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Texas A&M's Veterinary Emergency Team Assists in Hurricane Harvey Search and Rescue

Posted September 05, 2017

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Dr. Deb Zoran and fouth-year DVM students on the VET rotation discuss the care of search and rescue canines while deployed in Fort Bend County.

COLLEGE STATION, Texas – The Texas A&M Veterinary Emergency Team (VET) is offering medical support to urban search-and-rescue task force canines and other injured or stranded animals at the request of multiple areas along the Texas coastline that have been negatively impacted by the extreme flooding resulting from Hurricane Harvey.

A team of four deployed on Aug. 25 to the Rockport, Texas, area to care for the search-and-rescue canines used in the Texas Task Force 1’s (TTF1) recovery efforts in the ravaged city.

On Aug. 28, a second team of 21, including five fourth-year veterinary students on the VET rotation at the Texas A&M College of Veterinary Medicine & Biomedical Sciences (CVM), deployed to join the four in Aransas Pass, Texas, when the Federal Emergency Management Agency (FEMA) reassigned TTF and VET to Fort Bend County to assist with the extensive flooding in the Houston metroplex.

Since reaching Fort Bend County, the VET has overseen the treatment and care for large animals sheltered on site; has accepted more than three dozen companion animals for evaluation and treatment; continued to care for the TTF1 and TTF2 search-and-rescue canines; coordinated with emergency management officials on areas of concern; and continued instruction with the VET rotation students, highlighting the specialty care required for search-and-rescue canines, as well as in the areas of emergency care triage and inventory control.

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Dr. Jackie Davidson and Rudy Madrigal treat an injured leg on Freckles, a dog owned by local resident Melanie White. Davidson and Madrigal have treated approximately 60 animals while deployed as a team for the VET in Rockport.

Also since then, smaller teams have branched out to other areas requesting medical support and assistance, providing day support to search-and-rescue canines that are part of a in FEMA-supported Incident Support Team in Katy and deploying to Chambers County, as well as back to Rockport.

“The damage and destruction from Hurricane Harvey has been a challenge for all response groups,” said Dr. Wesley Bissett, founding director of the VET. “Now that the water is receding, more animals that were not evacuated are being located and brought to local sheltering operations. The VET is supporting these animals by providing triage and assessing any injuries and health status, providing treatment when necessary, and ensuring these animals are sheltered locally in a safe place so they can be reunited with their owners.”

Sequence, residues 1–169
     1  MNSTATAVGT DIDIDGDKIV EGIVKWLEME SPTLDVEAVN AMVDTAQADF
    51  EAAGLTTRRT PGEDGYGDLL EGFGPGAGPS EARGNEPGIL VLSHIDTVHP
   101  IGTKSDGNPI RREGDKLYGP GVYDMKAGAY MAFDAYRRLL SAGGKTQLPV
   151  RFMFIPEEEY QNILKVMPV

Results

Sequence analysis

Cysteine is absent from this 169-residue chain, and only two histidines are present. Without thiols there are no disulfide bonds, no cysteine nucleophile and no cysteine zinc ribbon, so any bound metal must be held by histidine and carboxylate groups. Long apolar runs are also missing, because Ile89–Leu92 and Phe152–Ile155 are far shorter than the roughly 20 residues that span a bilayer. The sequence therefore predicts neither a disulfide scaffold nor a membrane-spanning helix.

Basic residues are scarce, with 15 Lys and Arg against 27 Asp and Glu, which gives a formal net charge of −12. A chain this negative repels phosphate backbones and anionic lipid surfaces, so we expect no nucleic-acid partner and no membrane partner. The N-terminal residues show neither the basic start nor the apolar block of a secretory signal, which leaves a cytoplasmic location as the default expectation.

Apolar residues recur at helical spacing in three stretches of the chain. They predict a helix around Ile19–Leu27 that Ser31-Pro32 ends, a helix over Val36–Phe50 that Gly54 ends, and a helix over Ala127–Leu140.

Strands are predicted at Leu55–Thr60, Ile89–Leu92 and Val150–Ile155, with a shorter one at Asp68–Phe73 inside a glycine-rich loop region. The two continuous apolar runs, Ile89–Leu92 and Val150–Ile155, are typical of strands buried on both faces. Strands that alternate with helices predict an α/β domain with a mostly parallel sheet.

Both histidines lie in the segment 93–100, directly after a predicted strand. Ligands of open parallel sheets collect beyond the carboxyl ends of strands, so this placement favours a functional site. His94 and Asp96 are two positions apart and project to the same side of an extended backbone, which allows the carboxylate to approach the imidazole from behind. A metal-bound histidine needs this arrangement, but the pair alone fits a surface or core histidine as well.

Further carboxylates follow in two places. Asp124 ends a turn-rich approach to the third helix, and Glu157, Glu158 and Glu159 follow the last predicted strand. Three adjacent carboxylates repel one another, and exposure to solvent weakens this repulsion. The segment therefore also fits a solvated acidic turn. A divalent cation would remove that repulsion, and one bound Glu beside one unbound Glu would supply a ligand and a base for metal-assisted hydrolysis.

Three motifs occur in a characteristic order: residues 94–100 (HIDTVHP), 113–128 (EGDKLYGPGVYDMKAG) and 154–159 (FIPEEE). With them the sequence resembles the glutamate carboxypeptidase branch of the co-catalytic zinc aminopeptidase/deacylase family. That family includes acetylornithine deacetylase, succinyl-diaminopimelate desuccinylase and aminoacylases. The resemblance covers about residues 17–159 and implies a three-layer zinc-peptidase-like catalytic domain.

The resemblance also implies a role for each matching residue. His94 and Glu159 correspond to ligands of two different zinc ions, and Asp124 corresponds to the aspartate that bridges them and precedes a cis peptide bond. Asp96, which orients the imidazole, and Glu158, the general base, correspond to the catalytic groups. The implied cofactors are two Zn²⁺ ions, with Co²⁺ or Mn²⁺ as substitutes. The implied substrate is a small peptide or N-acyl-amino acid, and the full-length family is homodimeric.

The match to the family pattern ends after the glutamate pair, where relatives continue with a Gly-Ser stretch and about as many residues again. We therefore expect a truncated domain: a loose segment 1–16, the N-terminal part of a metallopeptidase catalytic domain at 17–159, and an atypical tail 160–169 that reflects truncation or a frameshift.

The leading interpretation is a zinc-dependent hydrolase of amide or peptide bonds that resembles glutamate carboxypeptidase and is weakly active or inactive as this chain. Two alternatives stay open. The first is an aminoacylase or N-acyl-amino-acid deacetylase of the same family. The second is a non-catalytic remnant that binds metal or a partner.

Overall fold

The flood waters are especially problematic for the search-and-rescue canines, as well as resident animals, in that these waters are very contaminated. The VET developed a special decontamination unit to assist in removing the contaminants from the search-and-rescue dogs and other small animals brought to the VET base of operations.

The team’s care for the TTF1 and TTF2 search-and-rescue canines is critical as they venture into the dangerous debris left in the aftermath of natural disasters in search of trapped humans.

One TTF2 member said that when on the scene, handlers are often focused on the dogs’ reactions in guiding them to find the lost or missing but that handlers sometimes miss the nuances that can indicate their dog may be injured, such as a slight limp or change in gait.

"The search and rescue dogs work in really challenging environments; they have to search in mud, debris, and even downed power lines. They maneuver themselves into places where humans can't go, and because of that there are some immediate risks," said Angela Clendenin, VET public information officer. “Taking good care of their medical needs and making sure they are healthy before they leaver our base allows them to be more efficient in the field, which means they can continue to work hard saving lives.”

VET members anticipate being deployed for at least a month in multiple locations as requested by county and community officials and response partners.

"It's humbling to be invited into a community, or to be invited to partner with another response team like Texas Task Force 1, to do our part and to help the citizens of Texas in their time of need," Clendenin said.

The College of Veterinary Medicine & Biomedical Sciences has set up the Veterinary Emergency Disaster Fund, with proceeds benefiting the VET. Visit tx.ag/CVMVETFund for details.

Those interested in the VET’s actions on deployment can follow the VET on Facebook.

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For more information about the Texas A&M College of Veterinary Medicine & Biomedical Sciences, please visit our website at vetmed.tamu.edu or join us on Facebook , Instagram , and Twitter.

Contact Information: Megan Palsa, Executive Director of Communications, Media & Public Relations, Texas A&M College of Veterinary Medicine & Biomedical Sciences; mpalsa@cvm.tamu.edu ; 979-862-4216; 979-421-3121 (cell)



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